How you measure up against your peers

Its a global world out there, and you need all the competitive advantage you can get to survive, thrive and keep those stakeholders enjoying their steaks

By Paul Studebaker, editor in chief, Control

If you've spent any time reading industrial research studies, you're familiar with analysts' penchant for dividing respondents into fifths, quarters, thirds or halves according to their status or performance against their chosen metrics. Leaders vs stragglers, strategists vs planners vs laggards—they define criteria and invite you to put yourself and your company into the appropriate bin.

This comes up all the time in asset management: a company's ability to deploy, operate, maintain, upgrade and dispose of assets cost-effectively. Studies ask you to rate yourselves on overall equipment effectiveness (OEE) or availability, then ask you whether you're taking advantage of smart instrument diagnostics, or your DCS talks to IT, or you embrace the ISO55001 asset management or ISO31000 risk management standards, or some other topic of the day.

Their quick correlation lets you know where your company stands, and it's always pretty clear: you're in a bin, and unless it's at the top, it behooves you to have a plan to improve. It's a global world out there, and you need all the competitive advantage you can get to survive, thrive and keep those stakeholders enjoying their steaks.

The studies often imply that if your company were to embrace (or buy) certain technologies, software or services, you'd have a ticket to a higher quartile. The better ones try to identify what's holding you back—cost? Knowledge? Company culture? The best ones delve into those aspects and offer insights to help you overcome the obstacles.

But getting from where you are to where you want to be is seldom simple. To start with, "where you are" is not always clear. Your company has departments and people of varying knowledge, strength and inclination. Each is in their own set of quartiles, probably excellent at some things and abysmal at others. How do you address individual and department weaknesses, fill them with information, and inspire them to help move the company to a higher level of performance—a better bin?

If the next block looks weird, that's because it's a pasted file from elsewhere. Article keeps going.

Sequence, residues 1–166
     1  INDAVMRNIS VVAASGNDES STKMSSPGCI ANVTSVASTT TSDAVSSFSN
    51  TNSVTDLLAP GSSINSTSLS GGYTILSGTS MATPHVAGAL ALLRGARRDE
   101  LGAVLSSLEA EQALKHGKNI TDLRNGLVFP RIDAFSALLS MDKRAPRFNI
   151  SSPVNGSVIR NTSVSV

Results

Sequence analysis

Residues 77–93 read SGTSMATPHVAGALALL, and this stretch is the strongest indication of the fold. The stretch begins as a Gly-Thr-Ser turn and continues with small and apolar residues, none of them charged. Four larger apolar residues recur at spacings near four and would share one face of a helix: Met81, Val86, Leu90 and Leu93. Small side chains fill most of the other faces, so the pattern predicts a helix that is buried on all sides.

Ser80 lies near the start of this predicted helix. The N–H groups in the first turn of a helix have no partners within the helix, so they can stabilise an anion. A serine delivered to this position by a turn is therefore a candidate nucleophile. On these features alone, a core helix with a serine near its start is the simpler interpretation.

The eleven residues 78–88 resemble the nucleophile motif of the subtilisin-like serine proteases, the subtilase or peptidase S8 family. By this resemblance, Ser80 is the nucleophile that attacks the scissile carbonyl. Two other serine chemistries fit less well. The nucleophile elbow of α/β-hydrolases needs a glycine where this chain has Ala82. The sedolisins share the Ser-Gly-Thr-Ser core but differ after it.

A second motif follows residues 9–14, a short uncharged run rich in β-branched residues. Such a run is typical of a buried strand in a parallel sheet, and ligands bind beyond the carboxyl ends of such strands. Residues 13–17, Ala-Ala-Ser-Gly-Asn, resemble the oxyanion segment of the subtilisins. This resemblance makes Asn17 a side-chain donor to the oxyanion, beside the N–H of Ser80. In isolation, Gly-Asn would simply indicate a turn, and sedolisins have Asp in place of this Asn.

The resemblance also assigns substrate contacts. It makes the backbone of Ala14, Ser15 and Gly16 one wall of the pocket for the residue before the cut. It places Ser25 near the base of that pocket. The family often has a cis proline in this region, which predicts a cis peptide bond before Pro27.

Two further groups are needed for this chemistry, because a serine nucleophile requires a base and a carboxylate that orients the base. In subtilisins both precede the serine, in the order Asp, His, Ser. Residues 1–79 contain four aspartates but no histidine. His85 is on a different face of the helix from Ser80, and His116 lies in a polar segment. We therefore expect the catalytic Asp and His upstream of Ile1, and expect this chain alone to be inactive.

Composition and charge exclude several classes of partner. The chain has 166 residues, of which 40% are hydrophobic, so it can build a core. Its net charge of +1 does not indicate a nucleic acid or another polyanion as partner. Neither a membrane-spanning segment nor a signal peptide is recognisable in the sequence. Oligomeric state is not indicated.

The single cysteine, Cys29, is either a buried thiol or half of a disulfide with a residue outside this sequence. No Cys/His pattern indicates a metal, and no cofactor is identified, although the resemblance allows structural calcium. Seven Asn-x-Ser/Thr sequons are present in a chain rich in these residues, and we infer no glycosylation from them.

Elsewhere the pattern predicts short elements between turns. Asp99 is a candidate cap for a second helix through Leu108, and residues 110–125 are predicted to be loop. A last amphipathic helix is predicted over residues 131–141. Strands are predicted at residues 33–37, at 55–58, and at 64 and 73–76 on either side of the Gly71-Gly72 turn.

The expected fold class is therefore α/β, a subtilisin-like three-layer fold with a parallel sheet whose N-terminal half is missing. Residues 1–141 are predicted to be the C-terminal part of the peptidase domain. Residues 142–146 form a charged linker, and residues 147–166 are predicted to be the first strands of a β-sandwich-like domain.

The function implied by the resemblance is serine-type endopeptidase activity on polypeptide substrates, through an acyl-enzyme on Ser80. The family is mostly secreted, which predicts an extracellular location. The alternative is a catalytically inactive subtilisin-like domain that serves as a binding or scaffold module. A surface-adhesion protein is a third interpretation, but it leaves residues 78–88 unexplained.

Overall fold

One of the concerns we have when planning Control topics and articles is reliving the past. Especially now that everything we've published in the past 10 years (and a lot more) is available at ControlGlobal.com, we ask ourselves if it's appropriate for us to revisit technologies, to update trends that haven't changed much, to tell you again about something we told you about six months or a year or two ago.

We want to focus on the new, trendy, interesting and exciting developments in technology, and highlight the most advanced practices in process control. These are often examples where generous funding and company circumstances have created an inspiring opportunity.

Then we're reminded that many readers are relatively new to the field, or taking on new challenges or a new job, or just now coming across a problem they haven't had to solve before. Like the members of your organization, as readers, you represent a wide variety of knowledge and experience. Not everyone can understand or relate to the latest in advanced control—they need to learn a little more about loop dynamics and tuning, how to select a flowmeter or how to keep one working.

You also might tend to overlook an article that isn't about something you're working on at the time, but really appreciate the opportunity to read it later, when you find yourself dealing with that exact topic. So we sift together a blend of articles, columns and departments ranging from how-to to why not, from back to basics to beyond the pale.

Of course, if this month's magazine doesn't tell how to solve all your problems, there's much, much more at ControlGlobal.com. Please keep that in mind when some industry analyst tells you it's time you moved up.

 

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